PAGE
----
For the last two years, I’ve been working with Sam Gregory from WITNESS, the nongovernmental organization working with human rights participatory media, on a large, on-going research project probing ethics in human rights social media.
We’ve been thinking quite a bit about questions of representation in participatory online environments where images and words circulate, remix, morph, change. In these networks, images can not be controlled.
So questions of who says what to whom in what channel--traditional research questions of communication-- and how and why it said--the domain of traditional documentary studies-- shift a bit. When social media meets human rights meets advocacy campaigns in RL (real life), the body enduring oppression and the bodies recirculating its images in Web 2.0 landscapes end up functioning as equal parts of the equation.
Production and consumption, representation and exhibition, giving voice and sharing voices, merge. And this blend is rife with ethical problematics. The human rights issues of protecting the dignity of the victim get amplified, as images can no longer be controlled, and representations are no longer fixed.
This research has prompted me to rethink how my students engage online with courses.
What parts of what they do in a class should be public, open for circulation and commentary? What parts should be shared in a controlled environment open only to the class? What parts should be private communiqués between professor and student?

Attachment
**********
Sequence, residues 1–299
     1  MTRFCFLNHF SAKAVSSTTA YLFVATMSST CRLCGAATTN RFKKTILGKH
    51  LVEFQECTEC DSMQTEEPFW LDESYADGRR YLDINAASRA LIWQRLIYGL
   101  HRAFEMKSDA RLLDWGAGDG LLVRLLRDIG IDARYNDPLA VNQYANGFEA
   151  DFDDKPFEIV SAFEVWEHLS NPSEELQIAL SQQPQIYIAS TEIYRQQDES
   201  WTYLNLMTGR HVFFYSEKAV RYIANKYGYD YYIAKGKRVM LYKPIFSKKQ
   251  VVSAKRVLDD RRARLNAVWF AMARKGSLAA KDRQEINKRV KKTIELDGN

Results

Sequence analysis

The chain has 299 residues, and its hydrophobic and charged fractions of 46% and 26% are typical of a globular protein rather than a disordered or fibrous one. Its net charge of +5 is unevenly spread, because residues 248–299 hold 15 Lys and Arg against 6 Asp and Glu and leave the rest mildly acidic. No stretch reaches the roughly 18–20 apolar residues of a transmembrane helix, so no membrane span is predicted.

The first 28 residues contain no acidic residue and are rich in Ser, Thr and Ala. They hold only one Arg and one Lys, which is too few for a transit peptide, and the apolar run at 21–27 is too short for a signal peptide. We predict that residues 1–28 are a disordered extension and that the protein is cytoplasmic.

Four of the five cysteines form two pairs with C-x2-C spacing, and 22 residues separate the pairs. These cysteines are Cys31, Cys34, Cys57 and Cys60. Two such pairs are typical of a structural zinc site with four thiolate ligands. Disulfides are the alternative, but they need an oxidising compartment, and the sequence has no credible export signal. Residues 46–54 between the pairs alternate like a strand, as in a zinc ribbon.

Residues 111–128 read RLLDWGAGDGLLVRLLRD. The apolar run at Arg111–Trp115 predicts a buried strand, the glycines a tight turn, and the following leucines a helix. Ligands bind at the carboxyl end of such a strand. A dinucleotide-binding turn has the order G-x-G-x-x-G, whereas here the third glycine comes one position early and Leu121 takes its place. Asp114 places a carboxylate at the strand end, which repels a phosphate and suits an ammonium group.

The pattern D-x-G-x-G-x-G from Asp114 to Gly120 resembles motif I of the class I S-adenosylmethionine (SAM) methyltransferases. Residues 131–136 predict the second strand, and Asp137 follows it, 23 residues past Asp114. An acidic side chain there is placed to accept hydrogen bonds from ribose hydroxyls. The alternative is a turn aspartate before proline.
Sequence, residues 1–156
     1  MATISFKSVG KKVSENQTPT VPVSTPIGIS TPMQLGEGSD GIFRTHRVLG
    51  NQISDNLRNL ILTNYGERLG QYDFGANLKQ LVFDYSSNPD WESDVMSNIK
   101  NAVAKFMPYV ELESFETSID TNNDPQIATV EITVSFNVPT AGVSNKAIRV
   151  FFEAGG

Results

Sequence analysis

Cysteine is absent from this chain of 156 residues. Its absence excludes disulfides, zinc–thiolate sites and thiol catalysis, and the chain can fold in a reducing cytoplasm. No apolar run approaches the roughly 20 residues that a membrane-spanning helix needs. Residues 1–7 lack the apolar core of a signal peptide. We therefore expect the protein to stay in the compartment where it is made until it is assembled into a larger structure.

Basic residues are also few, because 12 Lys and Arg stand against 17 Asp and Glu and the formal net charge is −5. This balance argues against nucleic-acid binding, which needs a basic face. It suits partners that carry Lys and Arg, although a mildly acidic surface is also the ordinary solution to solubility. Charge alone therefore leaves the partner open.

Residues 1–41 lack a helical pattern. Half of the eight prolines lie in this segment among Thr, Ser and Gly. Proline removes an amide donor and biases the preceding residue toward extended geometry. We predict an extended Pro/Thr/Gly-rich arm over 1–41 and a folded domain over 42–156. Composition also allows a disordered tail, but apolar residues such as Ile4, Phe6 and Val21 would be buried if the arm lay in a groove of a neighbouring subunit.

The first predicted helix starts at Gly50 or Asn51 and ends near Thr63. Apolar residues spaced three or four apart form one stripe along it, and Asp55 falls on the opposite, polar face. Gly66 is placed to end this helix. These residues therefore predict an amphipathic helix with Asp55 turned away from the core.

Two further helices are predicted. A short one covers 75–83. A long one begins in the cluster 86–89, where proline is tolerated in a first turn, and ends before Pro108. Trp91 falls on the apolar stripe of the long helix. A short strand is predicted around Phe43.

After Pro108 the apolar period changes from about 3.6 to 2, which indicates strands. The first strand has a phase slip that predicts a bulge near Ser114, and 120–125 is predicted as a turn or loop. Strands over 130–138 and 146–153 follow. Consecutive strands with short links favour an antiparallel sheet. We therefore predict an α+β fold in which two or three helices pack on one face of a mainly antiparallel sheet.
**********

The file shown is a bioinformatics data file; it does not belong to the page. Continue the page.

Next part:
Can thinking through the ethics of human rights social media and forms of engagement that connect to important advocacy campagins about rape in the Congo or water rights in Bangalore be mobilized to engage another group that is not part of the power elite, and can also be victimized by networks, i.e. undergraduates?
Is there a way to organize a course to traverse these different kinds of publics, respecting the dignity of the student in a human rights framework? And is there a way to think of teaching as advocacy work for serious intellectual engagement?
My tentative, provisional answer: yes
The third context emerges from my sabbatical teaching at Nanyang Technological Univesrity in Singapore, a country besotted with bad press and postmodern orientalism.
At NTU, one week of every term is MANDATORY (yes, you read that right, MANDATORY) online education, called e-learning week. This week where faculty are instructed NOT to appear in their classrooms was not prompted by some marketing firm telling an institution of higher education to get with the dizzying apps of Web 2.0, or any dreams of creating a profit center to offset the Great Recession.
A small country at the equator, Singapore also boasts of the best public health systems in the world.
Connection, you ask?
Well, it turns out that e-learning week is designed for emergency preparedness in case of punishing monsoons or the need to quarantine to stall the outbreak of deadly diseases like SARS.
Full disclosure: I was quite skeptical about doing film studies this way. But this was a case study in the lessons of cyber-Buddhism. My students taught me something I would never have learned in an e-learning seminar--they loved it.